Portland’s Damian Lillard has undoubtedly been the most impressive rookie after the first week of this NBA season. The Weber State product’s final season in college was downplayed by some due to the lower-level competition he was playing each night compared to the other lead guards in the draft. However, Lillard’s season was incredibly efficient, as he ranked second in PER (Player Efficiency Rating), shot 40.9 percent from three, ranked seventh among all draftees in True Shooting percentage, and turned the ball over at a minimal rate.
The sixth overall pick has been doing more of the same through his first four professional games, as Lillard is averaging 20.8 points per 40-minutes and eight assists a game, while keeping giveaways to a minimum and shooting an impressive 94.7 percent from the free throw line.
With the help of Synergy, let’s take a closer look at where Lillard is finding early success.
On-Ball Screen Shooting
Lillard has been excellent early on in finding space to get off a jumper through on-ball screens. He’s a great mid-range shooter and that will probably remain his most prominent offensive trait moving forward. The majority of his offense through the first four games has come from pick-and-roll situations and he’s relied more on the jumper when looking for his own shot. He’s currently averaging 0.87 PPP (points per possession) as the pick-and-roll ball handler, which is good for fifth in the league. Lillard has rarely taken bad shots or dribbled into traffic in these situations, showing patience that can often elude young point guards.
Two-man game with LaMarcus Aldridge
Lillard’s ability to be an effective shooter through pick-and-rolls will go along way in creating one of the more potent two-man games in the league. His teammate, LaMarcus Aldridge, is one of the best pick-and-pop bigs in the NBA due to his superb shooting from mid-range. Aldridge connected on 43 percent of his shots from 16-23 feet in 2012, according to Hoopdata.com. Lillard’s poise is once again on display in these actions, as he’s turning the ball over less than 10 percent of the time.
As you can see in the video above, defenses have had a difficult time guarding this duo when they operate through pick-and-rolls (or pops, however you see fit). The player defending Lillard often goes over the screen due to Lillard’s shooting ability, and on top of that, Aldridge’s defender must hedge enough to cut off any potential Lillard drive without completely losing sight of Aldridge. It’s a basic action, obviously, but the duo’s offensive talent should make it a staple of Portland’s offense moving forward. If Aldridge and Lillard are knocking down their shots, the rotations of opposing defenses must be on-point if they expect to slow them down.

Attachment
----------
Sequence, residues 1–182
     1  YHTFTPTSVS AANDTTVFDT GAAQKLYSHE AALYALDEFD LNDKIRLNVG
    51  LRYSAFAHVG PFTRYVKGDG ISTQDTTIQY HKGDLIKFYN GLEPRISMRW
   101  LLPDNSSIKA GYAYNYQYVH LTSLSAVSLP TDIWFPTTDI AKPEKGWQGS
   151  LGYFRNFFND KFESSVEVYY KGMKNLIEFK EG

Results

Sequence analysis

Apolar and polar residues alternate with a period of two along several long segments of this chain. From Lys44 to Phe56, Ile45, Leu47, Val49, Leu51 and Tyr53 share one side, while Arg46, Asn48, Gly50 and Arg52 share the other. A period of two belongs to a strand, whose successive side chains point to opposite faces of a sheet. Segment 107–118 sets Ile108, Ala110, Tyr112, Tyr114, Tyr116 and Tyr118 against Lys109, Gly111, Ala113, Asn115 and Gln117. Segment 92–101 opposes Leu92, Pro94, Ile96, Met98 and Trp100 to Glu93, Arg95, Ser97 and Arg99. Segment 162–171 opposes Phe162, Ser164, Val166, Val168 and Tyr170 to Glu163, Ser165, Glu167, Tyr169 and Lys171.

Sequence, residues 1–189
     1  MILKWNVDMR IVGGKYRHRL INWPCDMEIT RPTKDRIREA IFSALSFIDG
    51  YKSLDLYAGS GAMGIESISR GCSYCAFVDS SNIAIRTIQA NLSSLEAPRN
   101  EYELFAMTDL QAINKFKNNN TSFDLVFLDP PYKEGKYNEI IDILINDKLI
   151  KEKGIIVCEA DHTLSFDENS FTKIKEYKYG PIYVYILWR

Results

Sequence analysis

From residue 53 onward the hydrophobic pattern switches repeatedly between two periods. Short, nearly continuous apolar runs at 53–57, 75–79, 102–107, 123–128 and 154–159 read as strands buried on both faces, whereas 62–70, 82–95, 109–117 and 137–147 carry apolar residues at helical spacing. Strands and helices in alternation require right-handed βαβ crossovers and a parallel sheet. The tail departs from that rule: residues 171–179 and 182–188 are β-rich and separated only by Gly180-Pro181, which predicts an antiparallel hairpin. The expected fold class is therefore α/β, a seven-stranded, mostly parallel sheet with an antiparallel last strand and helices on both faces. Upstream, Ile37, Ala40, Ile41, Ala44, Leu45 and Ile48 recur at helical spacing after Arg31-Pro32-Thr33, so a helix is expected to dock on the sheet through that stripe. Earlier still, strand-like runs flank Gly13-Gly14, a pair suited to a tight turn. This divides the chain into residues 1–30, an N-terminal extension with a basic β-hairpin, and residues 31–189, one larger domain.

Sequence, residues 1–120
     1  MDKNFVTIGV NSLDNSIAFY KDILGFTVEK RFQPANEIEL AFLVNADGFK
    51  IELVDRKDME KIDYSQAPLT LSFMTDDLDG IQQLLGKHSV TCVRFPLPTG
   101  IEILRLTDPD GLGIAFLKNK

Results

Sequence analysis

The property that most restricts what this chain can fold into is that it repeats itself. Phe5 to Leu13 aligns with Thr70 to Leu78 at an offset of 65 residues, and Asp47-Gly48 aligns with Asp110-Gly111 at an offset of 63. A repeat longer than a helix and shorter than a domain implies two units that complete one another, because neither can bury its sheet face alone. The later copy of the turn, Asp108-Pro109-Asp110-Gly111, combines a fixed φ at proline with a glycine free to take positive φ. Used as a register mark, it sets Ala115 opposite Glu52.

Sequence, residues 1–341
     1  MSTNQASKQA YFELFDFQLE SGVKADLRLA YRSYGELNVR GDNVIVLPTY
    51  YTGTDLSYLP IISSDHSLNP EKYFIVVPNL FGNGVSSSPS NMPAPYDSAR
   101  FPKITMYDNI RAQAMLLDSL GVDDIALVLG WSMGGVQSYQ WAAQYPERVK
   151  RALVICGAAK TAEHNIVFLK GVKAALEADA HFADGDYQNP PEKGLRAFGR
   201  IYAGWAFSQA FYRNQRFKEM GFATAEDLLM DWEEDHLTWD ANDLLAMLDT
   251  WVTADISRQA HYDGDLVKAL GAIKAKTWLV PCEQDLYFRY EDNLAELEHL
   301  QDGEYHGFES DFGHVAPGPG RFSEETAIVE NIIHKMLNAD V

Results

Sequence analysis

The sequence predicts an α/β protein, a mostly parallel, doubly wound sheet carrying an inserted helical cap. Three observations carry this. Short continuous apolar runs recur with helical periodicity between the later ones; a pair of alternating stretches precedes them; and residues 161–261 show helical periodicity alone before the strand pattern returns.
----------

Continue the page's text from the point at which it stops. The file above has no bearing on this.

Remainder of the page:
While Lillard is only shooting 29.2 percent from three after a week (24 attempts), he’s 5-for-7 on those three-pointers labeled as “Spot-up” threes according to Synergy. Although that’s an extremely small sample size, it shows that Lillard can be effective shooting from deep when you factor in his 40.9 percent mark during his final collegiate season.
In the video above, Lillard once again runs a middle pick-and-roll with Aldridge and passes it off to him at the top of the key. Aldridge’s shot is cut off due to Houston’s Patrick Patterson recovering quickly enough. Aldridge compensates by dribble-driving to his left, grabbing Jeremy Lin’s (Lillard’s defender) attention in the process. As Lin over commits to Aldridge, it allows Lillard an open look for three with his feet set. A shot he’s often successful with. This action once again displays the effectiveness of the Lillard-Aldridge combination.
As teams begin to adjust to Lillard, he’s almost certainly going to hit some bumps in the road. However, when watching his play during these first four games, his poise on the ball for a rookie point guard shouldn’t be overlooked. A prime example of that came most recently against Dallas, as Lillard went 2-for-13 from the field, but still connected on all of his eight free throw attempts and turned the ball over just once.
Ultimately, Lillard possesses the skill set to be a star point guard — his poise and patience, shooting, and ability to get to the line are all major positives. Only time will tell if he’ll join the ever-growing list of point guards in the NBA.
Majority of statistics were collected from Synergy Sports Technology